Central to faith is the good news of Jesus Christ. Yet that does not mean that faith circles only around the matter of forgiveness of sins. Christ's work means that God has become my Father, and means also that the Holy Spirit has been given to me. As I grapple with the concerns of daily living, I may believe that God is my Father Who cares for me well. By faith, then, I obey God's commands, by faith I trust that the way He leads me is good. Faith is not something that can be shelved. Faith is action, is holding on to God's promises in ALL my circumstances. So faith is far more than mere knowledge, something of the head. Faith is a disposition of the heart. Faith touches me, it occupies my mind and heart, it guides me in all I do.

    Faith, then, is to walk humbly with God at all times and in all places. Faith is to have a warm, close relationship with God. Inherent to faith is then also deep sorrow on account of my sins.

    In order to benefit from what Christ has done one needs faith. Faith is to walk with God, holding on to all that God says, believing all that God has promised. Faith therefore is a realisation of one's unworthiness, and a realisation of God's mercy in the face of this unworthiness . Then I can stand in the court of God and say in response to the accusations of Satan: "But God, you promised that Christ died for me and made payment for my sins." We may remind God of what He promised in His Word, "that whoever believes in Him (Christ) should not perish but have everlasting life" (John 3:16). I believe that Christ died for me, a sinner, and He imputed to me His perfect satisfaction, righteousness and holiness. So I believe too that God will respond, "yes My child, your dirty clothes have been washed clean in Christ's blood."


    It is Christ who covers my sin by His perfect righteousness. Yet Christ's work is not made mine automatically. To receive salvation through Christ's work I need faith. Faith plays a role between Christ's work and my salvation (Figure 3). But what role does faith play? Need I place a plus sign where the letter A is located, so that I get this equation: Christ's work + my faith = my salvation? If this were the case, then my faith would add to Christ's work, would complete it to make my salvation possible. In that case, I have made a contribution to my salvation.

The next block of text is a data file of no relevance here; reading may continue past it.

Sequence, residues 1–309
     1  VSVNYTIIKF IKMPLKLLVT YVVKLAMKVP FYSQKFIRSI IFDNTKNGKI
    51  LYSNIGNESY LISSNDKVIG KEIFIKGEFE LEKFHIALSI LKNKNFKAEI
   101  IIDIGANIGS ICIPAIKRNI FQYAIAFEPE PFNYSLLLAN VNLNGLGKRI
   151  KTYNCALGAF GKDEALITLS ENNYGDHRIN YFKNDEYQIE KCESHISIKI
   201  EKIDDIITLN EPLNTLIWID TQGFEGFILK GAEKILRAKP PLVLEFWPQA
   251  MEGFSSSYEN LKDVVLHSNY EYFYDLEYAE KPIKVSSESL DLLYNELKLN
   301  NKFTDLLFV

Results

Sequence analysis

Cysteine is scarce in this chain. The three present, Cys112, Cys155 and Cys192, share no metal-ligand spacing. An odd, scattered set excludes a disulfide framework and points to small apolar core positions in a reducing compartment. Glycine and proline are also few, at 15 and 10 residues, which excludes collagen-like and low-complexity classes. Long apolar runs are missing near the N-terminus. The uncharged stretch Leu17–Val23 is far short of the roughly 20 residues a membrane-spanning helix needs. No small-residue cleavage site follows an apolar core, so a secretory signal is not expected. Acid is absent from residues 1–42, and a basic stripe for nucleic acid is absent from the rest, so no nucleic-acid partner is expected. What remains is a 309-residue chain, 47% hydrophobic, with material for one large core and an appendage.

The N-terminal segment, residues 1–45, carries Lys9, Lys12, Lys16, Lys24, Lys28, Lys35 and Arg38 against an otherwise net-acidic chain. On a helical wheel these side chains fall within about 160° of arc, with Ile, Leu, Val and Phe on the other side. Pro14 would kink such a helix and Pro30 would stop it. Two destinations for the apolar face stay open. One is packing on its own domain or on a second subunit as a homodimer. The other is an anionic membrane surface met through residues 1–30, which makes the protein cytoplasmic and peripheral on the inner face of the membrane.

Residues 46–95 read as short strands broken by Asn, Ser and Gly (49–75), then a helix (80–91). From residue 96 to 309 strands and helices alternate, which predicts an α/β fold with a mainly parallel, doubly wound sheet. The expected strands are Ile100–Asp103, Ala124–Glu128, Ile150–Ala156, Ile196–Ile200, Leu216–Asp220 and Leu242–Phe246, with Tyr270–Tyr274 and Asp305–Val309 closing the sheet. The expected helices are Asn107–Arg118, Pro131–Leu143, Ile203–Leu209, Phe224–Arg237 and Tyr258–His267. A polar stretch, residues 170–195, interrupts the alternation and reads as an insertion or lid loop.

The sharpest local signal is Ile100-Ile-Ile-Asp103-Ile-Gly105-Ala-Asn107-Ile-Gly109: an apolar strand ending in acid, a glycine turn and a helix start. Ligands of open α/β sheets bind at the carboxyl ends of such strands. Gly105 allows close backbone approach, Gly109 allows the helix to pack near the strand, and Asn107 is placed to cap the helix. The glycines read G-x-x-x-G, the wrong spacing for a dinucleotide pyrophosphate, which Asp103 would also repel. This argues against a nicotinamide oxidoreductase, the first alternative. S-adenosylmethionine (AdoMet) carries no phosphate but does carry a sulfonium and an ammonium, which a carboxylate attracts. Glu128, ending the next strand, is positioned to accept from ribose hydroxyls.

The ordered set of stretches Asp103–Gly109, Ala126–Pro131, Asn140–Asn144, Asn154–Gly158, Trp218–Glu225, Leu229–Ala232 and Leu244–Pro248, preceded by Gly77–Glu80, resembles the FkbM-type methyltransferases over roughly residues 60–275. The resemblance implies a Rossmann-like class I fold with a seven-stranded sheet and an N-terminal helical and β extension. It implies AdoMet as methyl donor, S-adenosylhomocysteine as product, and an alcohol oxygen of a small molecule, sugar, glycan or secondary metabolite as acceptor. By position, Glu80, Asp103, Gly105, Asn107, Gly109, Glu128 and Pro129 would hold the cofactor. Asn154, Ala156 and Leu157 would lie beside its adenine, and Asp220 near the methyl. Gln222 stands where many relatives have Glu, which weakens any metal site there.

Yet that is not Scriptural, for the apostle says that salvation is "by grace". Ephesians 2:8: "for by grace you have been saved through faith, and that not of yourselves; it is the gift of God, not of works, lest anyone should boast." No, I cannot say that my salvation depends on my faith in the same way that my salvation depends on Christ's work on the cross. I am saved because of Christ's work but not because of my faith.

    What then? How am I to understand the relation between Christ's work and my salvation? Article 22 puts it like this: "faith is the instrument that keeps us with [Christ] in the communion of all His benefits." Yes, I need faith to be saved, faith plays a role between Christ's work and my salvation. But faith is nothing more than the instrument by which I share in Christ's benefits. I am not saved because of my faith; I am saved because of Christ through my faith (or "by faith").

    This is a covenantal concept. God makes promises to me and I am to believe these promises. If I do not believe them, I cannot be saved. I must make a point of believing. In the covenant it is my responsibility do so, both in the ups and downs of life. Here we have the two sides inherent in the covenant: promise and obligation. God has promised me salvation and He gives me faith both to believe in and to hold on to these promises . When I believe I can only thank God that He gives the gift of faith.